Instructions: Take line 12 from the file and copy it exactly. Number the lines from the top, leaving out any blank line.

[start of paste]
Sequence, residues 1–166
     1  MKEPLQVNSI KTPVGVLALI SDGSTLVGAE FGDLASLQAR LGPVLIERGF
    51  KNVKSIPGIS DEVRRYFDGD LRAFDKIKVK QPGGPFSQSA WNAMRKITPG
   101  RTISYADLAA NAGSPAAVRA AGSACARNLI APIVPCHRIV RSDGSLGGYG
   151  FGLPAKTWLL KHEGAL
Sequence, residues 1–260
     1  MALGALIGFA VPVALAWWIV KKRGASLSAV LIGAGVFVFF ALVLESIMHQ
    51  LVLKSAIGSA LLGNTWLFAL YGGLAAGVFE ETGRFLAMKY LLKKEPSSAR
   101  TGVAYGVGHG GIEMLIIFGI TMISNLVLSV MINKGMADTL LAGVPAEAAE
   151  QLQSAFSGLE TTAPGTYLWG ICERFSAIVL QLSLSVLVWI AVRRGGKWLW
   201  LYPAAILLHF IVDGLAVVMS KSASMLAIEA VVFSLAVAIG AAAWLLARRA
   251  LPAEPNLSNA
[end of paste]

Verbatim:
   251  LPAEPNLSNA